So you know, when you ask why haven`t charges been filed yet? You know, the feds do work slowly. They work quietly. We`re just now seeing for the first time them charging someone two weeks ago. John Davis has pled guilty to those federal charges. He`s agreed to eight prosecution.
Prosecutors have said that they are now working up the ladder, up the ladder from John Davis as former Governor Phil Bryant who was his boss. The closest -- the best evidence that we have about Phil Bryant involvement in welfare misspending has to do with Brett Favre projects. So I think we`re just waiting to see, you know what, what prosecutors will do here.
RUHLE: And why are the tax only coming out now?
WOLFE: That`s a good question. So, within the state`s civil suit, this is civil litigation that the state is bringing against 38 people or companies who received money improperly, and they`re trying to claw that money back. Within that civil case, Nancy knew the nonprofit founder that I mentioned has brought a subpoena against former Governor Phil Bryant, we`re going to have a -- governor is not a target of this civil suit. But they are subpoena in his text messages to serve as part of her defense, because in her lengthy defense, she says that the governor, in some cases, directed her to make these purchases. And if the governor didn`t even know that it was wrong, or the governor was willing to skirt these regulations, then, you know, how can she be held to that standard.
And so she has subpoenaed these messages. Bryant has objected to the subpoena. But both of them have now entered text messages within different filings in court to sort of give their side of the story. So Bryant is supplying all these messages that he say show that he didn`t have any idea that they were using welfare money, Nancy has produced text messages between her and Brett Favre that show that the governor was involved in conversations prior to welfare money going to the volleyball stadium --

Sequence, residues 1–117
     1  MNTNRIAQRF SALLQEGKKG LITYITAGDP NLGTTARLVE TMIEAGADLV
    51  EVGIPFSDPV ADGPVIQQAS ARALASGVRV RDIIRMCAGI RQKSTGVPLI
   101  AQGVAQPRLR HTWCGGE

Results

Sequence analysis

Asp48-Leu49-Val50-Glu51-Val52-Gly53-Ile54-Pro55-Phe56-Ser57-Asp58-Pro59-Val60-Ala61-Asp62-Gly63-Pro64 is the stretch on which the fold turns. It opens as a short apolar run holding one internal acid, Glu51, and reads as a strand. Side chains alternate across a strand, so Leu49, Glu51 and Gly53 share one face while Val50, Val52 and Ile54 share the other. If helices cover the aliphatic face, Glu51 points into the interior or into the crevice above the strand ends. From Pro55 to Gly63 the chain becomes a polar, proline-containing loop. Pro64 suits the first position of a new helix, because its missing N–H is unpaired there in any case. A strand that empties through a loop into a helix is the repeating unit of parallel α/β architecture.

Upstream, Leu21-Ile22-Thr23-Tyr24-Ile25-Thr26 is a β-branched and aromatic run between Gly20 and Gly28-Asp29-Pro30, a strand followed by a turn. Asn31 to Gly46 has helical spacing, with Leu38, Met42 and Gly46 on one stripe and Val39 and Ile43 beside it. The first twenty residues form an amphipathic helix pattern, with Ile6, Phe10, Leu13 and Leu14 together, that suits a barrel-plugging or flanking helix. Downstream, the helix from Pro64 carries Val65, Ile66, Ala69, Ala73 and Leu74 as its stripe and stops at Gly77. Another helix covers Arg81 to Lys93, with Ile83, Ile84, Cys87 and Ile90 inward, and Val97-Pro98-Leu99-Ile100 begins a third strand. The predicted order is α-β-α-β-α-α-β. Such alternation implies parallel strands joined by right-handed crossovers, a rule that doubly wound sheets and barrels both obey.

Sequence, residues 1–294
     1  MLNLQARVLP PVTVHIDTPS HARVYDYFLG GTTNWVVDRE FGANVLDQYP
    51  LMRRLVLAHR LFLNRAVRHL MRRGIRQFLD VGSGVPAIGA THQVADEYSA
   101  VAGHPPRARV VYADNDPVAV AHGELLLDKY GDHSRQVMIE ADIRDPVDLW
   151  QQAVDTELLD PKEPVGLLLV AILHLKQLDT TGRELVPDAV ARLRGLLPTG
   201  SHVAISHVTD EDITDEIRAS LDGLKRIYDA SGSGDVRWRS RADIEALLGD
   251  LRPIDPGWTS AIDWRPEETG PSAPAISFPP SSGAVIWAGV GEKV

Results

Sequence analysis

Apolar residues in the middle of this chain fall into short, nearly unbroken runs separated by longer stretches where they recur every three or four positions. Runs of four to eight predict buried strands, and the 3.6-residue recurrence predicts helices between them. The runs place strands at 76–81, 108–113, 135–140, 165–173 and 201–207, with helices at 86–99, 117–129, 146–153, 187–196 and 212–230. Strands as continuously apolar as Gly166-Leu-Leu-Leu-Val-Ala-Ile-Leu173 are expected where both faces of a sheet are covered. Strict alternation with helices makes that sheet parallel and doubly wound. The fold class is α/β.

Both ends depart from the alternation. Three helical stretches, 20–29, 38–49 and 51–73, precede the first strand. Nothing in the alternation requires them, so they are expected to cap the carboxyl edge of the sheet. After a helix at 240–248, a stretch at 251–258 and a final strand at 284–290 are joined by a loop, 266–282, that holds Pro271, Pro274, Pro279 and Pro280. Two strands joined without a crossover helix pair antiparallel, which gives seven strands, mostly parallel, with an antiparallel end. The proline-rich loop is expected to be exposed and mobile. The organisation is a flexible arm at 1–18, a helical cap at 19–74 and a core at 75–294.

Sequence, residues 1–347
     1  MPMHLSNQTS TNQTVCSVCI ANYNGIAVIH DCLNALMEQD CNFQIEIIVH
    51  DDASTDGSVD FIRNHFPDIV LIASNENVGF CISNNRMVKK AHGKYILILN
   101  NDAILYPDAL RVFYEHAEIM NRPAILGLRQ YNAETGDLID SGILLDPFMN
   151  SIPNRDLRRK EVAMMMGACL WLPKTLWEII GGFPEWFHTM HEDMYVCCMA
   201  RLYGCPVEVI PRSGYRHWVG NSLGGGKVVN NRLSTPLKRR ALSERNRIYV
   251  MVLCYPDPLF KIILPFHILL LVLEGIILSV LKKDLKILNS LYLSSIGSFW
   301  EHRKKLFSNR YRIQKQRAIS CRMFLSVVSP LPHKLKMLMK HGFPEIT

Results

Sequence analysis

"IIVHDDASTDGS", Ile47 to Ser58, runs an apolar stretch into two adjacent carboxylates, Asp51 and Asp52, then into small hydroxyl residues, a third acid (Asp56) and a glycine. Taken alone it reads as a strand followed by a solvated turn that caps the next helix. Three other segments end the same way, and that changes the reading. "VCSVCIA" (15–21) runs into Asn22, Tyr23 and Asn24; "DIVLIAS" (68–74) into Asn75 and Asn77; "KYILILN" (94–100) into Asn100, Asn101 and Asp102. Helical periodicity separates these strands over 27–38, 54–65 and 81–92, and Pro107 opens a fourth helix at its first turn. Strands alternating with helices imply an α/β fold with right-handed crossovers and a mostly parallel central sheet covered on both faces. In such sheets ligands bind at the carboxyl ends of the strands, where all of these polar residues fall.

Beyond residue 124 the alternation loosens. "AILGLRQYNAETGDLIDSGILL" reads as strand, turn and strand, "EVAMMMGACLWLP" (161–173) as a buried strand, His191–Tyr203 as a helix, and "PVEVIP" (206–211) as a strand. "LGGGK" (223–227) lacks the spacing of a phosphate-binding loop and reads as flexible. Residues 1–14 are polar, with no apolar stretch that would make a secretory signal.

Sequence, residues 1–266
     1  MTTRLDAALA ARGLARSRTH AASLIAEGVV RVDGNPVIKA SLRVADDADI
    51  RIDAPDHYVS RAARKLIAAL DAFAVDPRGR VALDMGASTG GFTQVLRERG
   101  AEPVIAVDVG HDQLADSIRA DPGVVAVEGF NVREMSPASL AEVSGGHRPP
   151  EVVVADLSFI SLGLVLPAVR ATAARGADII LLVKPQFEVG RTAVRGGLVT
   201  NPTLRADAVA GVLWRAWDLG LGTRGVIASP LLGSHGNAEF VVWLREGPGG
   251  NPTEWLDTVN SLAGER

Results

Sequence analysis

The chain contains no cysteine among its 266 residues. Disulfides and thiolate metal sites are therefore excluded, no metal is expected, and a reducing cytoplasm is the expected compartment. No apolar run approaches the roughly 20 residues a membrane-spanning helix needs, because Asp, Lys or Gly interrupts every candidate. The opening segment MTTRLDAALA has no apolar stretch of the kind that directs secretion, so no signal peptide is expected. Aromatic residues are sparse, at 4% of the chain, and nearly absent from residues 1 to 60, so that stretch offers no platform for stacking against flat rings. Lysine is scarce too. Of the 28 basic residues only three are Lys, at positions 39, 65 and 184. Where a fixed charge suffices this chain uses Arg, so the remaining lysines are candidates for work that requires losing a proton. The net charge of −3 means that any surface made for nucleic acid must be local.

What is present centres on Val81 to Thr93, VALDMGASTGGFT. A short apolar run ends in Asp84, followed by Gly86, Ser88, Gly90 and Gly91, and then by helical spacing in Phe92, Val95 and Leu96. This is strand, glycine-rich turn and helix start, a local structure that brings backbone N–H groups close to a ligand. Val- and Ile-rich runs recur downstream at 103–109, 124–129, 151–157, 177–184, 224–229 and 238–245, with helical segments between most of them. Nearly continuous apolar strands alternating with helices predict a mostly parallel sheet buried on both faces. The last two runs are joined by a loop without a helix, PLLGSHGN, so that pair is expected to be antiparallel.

RUHLE: Well, I`ve got to ask --
WOLFE: And that is why you`ve seen this back and forth.
RUHLE: I have to ask because we`re out of time, as of last year, 21 percent of children in Mississippi live at or below the poverty line. But you are from a state where football stars are treated like gods. How did the people of Mississippi feel about Brett Favre right now?
WOLFE: Well, yes, I don`t think that it`s very hard to understand how someone could be involved in doing this. You know, it`s hard to say that he definitely knew, you know, that this was money that was supposed to be serving the poorest of the poor in Mississippi.
But, you know, this is what happens under conservative policies that prioritize sort of personal responsibility over true safety net supports, you know, where they`re basically more comfortable, it`s less offensive to them to waste the money to squander it, or give it to wealthy people than to actually give it to people in need.
RUHLE: Anna Wolfe, the State of Mississippi is lucky to have your extraordinary reporting. Thank you for joining us tonight. We`re going to keep covering this story right here this hour. Eric Herschmann again, we invited you here to talk about Trump. You`re invited here to talk about Brett Favre any night of the week.
When we come back why Kim Kardashian is in hot water with regulators over promoting cryptocurrency. She has agreed to pay over a million dollar fine. But will other celebrities take notice that this is the tip of the iceberg for all those crypto influencers when THE 11TH HOUR continues.